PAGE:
In addition to a “spring feeding” of your lawn garden, you can also boost the health and vitality of the grass in your lawns with a second round of fertilisation during the summer. This will help assure that your grass is healthy enough to help push out the weeds that might try to take root and you can also use a fertiliser that combines a weed-killer to control these unwanted plants.

The Lawn – Tips For Creating Curb Appeal

Making sure that the lawn is well-maintained is one of the simplest ways to make sure the curb appeal of your home makes people feel welcomed …

Almost everybody is familiar with the idea of what “curb appeal” is in reference to how someone makes a snap judgment about your home by how it appears. It takes only a moment for someone to decide if your home meets their standards based only on what they see from the outside. Making sure that the lawn is well-maintained is one of the simplest ways to make sure the curb appeal of your home makes people feel welcomed.

While that can sound easy enough, sometimes getting the back and front lawn to look beautiful, immaculate and attractive can be a daunting task, especially if there have been some problems with the health of your lawn recently. Below is a collection of lawn care tips and suggestions that can help you cultivate a lawn that draws people to your home, welcomes them, and gives your curb appeal a real boost.

Tip One: Have the soil tested so that you know what kind of fertiliser you should add to the lawn area to provide the grass with proper nutrition. Local agricultural extension agencies often offer this service for free or at a very low cost.

Tip Two:

Have a regular lawn maintenance routine that includes fertilising three to five times every year. Make sure this is done on a regular schedule and is the right kind of food for the grass in your garden lawn. The extension agency can also help you with information in this regard as it relates to your local area.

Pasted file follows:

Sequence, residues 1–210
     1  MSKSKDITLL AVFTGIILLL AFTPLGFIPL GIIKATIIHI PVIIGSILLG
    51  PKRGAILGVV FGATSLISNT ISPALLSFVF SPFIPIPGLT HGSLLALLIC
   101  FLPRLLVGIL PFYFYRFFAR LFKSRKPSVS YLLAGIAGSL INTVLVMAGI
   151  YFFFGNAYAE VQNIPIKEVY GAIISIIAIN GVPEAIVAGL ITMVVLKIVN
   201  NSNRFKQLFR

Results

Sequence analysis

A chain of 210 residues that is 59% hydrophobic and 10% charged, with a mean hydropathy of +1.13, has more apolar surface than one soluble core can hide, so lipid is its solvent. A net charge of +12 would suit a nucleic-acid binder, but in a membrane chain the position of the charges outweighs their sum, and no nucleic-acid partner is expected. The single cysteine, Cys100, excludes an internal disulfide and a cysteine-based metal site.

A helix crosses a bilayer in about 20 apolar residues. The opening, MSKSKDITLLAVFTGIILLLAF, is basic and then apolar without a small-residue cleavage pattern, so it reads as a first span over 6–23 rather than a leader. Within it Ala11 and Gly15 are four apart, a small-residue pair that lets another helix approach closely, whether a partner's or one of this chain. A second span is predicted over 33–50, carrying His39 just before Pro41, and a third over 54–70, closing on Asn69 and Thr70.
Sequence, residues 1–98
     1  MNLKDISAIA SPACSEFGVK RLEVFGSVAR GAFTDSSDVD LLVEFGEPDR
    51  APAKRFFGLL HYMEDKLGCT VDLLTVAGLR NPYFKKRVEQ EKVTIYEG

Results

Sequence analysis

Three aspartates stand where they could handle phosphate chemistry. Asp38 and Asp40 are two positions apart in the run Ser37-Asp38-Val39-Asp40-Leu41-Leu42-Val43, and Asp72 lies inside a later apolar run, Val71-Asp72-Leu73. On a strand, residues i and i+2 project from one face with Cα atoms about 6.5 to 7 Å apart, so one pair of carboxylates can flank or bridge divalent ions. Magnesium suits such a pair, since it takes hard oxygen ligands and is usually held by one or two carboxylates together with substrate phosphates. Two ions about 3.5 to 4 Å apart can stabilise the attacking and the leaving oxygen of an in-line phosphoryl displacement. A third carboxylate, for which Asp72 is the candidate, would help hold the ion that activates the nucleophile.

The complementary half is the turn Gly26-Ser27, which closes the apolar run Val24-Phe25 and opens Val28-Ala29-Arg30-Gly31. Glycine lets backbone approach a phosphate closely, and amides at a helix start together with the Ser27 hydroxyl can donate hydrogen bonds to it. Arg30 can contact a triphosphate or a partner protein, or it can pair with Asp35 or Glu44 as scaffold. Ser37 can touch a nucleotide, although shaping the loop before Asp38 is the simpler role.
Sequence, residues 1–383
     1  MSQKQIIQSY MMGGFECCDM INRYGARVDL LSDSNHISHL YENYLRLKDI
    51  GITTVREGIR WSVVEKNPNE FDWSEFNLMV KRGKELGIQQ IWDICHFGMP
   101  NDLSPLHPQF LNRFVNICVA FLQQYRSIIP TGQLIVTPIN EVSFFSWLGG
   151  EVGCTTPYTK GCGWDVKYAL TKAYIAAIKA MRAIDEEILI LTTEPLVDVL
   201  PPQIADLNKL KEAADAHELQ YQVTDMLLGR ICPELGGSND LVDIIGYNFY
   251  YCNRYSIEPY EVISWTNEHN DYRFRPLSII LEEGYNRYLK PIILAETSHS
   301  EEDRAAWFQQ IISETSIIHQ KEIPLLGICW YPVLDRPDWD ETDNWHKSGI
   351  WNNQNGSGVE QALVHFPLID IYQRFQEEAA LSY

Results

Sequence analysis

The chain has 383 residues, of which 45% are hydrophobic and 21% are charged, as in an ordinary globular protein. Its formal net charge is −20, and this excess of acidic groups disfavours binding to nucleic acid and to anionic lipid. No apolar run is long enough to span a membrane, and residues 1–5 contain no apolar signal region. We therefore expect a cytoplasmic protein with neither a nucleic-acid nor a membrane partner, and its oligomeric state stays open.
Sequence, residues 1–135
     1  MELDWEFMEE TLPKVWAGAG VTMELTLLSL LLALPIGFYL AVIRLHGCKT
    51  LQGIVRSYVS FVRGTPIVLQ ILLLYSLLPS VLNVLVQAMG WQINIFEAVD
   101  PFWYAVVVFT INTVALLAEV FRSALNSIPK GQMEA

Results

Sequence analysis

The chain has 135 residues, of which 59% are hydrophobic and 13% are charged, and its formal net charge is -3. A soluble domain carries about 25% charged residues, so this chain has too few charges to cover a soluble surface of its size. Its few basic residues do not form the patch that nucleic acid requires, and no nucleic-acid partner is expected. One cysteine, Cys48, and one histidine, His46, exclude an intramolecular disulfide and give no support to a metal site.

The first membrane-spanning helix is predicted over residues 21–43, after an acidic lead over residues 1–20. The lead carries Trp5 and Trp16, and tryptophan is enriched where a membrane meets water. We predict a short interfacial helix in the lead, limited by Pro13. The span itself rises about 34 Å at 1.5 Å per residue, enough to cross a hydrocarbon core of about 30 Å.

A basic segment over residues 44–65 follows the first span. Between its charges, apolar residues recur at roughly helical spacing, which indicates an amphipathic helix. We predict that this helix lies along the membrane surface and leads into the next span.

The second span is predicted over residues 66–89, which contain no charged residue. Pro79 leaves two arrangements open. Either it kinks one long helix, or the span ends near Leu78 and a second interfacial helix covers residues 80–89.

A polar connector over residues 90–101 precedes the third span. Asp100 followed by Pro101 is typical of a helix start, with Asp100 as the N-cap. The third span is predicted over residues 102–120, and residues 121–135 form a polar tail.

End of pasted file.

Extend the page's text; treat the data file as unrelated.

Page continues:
Tip Three:

When undertaking lawn mowing during the heat of the summer, cut it at the maximum height your lawn mower allows. This helps keep the grass from drying out as fast and even provides shade to the ground which helps prevent the loss of moisture. This will help conserve water and it will also help the lawns to crowd the weeds out. During the cooler and wetter times of the year you can set the lawn mower to cut lower according to your preferences.

Tip Four:

Water about one to one-and-a-half inches once a week. When you water briefly every day, you are encouraging your lawn to develop a shallow root system. Watering only once a week helps develop nice deep roots which can better withstand hot, dry summer weather.

Tip Five:

Aerate at least once or twice every year. This also helps promote lawns with deep root systems and helps the water and lawn food to get past the surface and down to the roots where it does the most good. Aerating also helps undo the effects of soil compacting, which is a particular problem if you use a riding lawn mower to help with your lawn maintenance.

Tip Six:

Keep the blades of the mower good and sharp. Dull blades actually rip the ends of the grass blades and cause a ragged look and contribute to browning at the ends. Also, you should do your lawn mowing in different directions each time you mow. This helps avoid ruts and soil compaction problems.

Tip Seven:

Watch for signs of dead areas. Such dead patches can be an indication of an insect problem or disease that is attacking your home and garden lawns. When you see this, you should not treat the problem until you know the cause. Your local extension agency will be a great help in this case also.

Tip Eight: Control weeds with the use of quality herbicides. You can do this separately or look for a fertiliser that also contains weed control components.

These simple tips should give you a good starting place from which to improve the health, vitality and appearance of the lawn that is the introduction to your home. With careful lawn maintenance you will enjoy great curb appeal and you will also be able to use and enjoy your yard more fully.